I’m at that age where, whenever I meet my father, he asks when I plan to start building. I try to avoid answering the question every time, but he sneaks in such statements as “Start small, buy a lorry of stones. Just start.” Then he’ll go off, repeatedly, on how he wishes he started building early, how it took him a decade to get it done, and how I need to stop paying rent.
Sometimes I laugh. Most times I don’t. I don’t know how to tell him that building is not a priority for me and might never be. We are different generations with different priorities, but then I can’t say that because he’ll ask what my priorities are. I could say travel, but then I do a good part of that on the clients’ dime and barely ever pay for much. Books, my other priority, don’t even dent my budget.
Maybe to end the conversation I should show him the back end of my NCBA Loop account. But then that would segue into an entirely different conversation of how I spend so much of my money on ‘entertainment’ and ‘household.’
“What household is this that takes more than half of what you make?” he’d probably ask, frowning to look at the graph because his eyes are not what they used to be.
“I thought you were still single, taking care of a dog can’t cost this much…” he’d add to fill the silence, as I quickly regret the idea that this would end the conversation.
I can see him sitting back and asking “What even is this entertainment?”
As I slowly pull the phone away from him, he’d probably go on and on about how I need to cut my spending and start building a home. I’d quietly sit there, as I always do, wondering what part of his genetics I miss that doesn’t make the idea of building as important to me as it seems to him. In my head, I’d make the same joke I always make: “Are you by any chance on Cement Twitter?”
I’m sure you’ve seen the Cement Twitter clan who quantify almost everything on how many bags of cement money can buy. Spend some money in a bar and post your receipts and see it happen, organically. There’s a point of course, that a permanent home is a good thing to have. Plus, you can bring down the walls if you want to and change where the door is if you wake up one morning and decide it’s in the wrong place. But these are not necessarily universal priorities.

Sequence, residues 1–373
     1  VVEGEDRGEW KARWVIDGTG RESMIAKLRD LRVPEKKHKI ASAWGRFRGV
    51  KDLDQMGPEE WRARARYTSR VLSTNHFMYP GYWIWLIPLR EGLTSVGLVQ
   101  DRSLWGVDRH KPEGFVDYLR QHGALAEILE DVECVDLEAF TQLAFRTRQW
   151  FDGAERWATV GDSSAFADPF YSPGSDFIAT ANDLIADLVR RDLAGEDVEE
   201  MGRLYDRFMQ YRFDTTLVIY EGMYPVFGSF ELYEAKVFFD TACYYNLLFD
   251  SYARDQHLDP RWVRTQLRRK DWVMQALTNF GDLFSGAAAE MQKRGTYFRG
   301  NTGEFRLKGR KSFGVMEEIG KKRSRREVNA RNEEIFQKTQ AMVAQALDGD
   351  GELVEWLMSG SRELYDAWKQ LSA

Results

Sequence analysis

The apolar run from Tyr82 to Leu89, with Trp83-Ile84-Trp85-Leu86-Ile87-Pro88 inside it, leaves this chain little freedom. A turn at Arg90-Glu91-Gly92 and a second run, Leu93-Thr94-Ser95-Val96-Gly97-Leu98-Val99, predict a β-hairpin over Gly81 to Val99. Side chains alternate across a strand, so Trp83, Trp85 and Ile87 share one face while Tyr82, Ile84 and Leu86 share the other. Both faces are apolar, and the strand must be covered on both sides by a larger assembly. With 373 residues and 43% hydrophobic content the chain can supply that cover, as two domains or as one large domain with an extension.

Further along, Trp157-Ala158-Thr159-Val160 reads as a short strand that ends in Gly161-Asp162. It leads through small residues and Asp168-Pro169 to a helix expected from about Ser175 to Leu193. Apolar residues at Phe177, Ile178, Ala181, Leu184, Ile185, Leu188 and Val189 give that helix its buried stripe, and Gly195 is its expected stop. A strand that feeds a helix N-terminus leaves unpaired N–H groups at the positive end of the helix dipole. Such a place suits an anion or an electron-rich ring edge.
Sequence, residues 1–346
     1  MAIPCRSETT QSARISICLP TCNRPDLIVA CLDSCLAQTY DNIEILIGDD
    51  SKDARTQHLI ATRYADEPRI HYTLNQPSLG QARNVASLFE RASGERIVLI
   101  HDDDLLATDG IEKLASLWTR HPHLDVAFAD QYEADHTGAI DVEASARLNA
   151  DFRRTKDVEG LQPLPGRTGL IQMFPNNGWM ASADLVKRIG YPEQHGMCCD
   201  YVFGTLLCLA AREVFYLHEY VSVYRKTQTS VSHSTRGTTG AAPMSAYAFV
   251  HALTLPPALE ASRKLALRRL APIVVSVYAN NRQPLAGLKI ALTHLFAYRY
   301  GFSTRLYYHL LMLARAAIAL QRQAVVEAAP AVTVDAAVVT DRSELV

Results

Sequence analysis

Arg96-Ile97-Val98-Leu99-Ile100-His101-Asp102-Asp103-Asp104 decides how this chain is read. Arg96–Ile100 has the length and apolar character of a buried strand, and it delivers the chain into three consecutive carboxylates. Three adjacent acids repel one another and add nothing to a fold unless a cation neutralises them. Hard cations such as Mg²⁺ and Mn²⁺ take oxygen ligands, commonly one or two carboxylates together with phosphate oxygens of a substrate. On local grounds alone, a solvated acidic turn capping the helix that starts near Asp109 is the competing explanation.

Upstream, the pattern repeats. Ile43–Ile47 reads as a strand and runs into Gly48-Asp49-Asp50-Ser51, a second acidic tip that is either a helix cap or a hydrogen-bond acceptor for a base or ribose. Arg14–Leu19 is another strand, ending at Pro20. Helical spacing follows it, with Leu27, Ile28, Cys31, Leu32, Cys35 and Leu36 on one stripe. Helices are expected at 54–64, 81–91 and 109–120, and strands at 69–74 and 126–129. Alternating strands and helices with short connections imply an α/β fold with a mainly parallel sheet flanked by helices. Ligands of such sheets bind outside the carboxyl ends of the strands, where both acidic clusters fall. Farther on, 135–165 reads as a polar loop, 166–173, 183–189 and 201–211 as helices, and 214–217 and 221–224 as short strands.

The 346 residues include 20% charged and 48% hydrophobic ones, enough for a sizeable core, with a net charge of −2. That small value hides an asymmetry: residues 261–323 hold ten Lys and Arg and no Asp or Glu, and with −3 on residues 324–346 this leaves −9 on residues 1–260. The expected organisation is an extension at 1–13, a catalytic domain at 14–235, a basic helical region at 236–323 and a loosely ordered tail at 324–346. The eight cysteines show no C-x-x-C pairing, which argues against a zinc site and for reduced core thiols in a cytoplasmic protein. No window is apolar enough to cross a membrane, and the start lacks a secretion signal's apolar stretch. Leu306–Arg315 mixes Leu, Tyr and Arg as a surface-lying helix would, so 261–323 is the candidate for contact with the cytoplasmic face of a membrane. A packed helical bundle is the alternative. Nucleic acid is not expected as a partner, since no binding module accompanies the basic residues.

I have a friend who spent three years setting up a home 300kms away from Nairobi. He was a new father, in a new marriage, and both he and his wife were based in Nairobi. Whenever we talked about how broke he was, I’d ask him why he was spending so much setting up a holiday home. There were bills to pay, a child’s future to prepare for, and a life to live. But we would always circle back to priorities, and to him, this project was important and sentimental.
I understood that part of sentiment more than anything else. Sometimes things just make sense because they make us feel some type of way. Maybe joy, maybe fulfillment, maybe euphoria. In this day and age, it’s likely they all cost money that we spend every day writing pithy but oddly polite emails to demand for. And oh, the euphoria that is that text that the mother load has landed in the account. Those few seconds as you login to NCBA Loop to make sure it’s not all a dream. Right before the few minutes, it takes for it to fly out of your account as you contribute to the economy.
I think that’s a big part of why NCBA Loop is a good friend to have. If you have priorities, even if they are only of sentimental value, then you work towards them. You can even track your spending better without having to use other tools other than your banking app. Instead, you can spend the time trying to figure out whether your contractor is pinching the cement budget, and when you can comfortably finish. Or whether the entire project makes any sense.
Or if you just want to take a road trip to Namibia in December, you can start saving now knowing you won’t suffer the temptation of that money appearing on your bank balance whenever you login. It’s still there alright, under a section called “Goals” which is helpfully still accessible in case you need to access the money earlier. I’m not saying the guilt will be any less if you cancel the goal to pay a bar bill but hey, priorities change.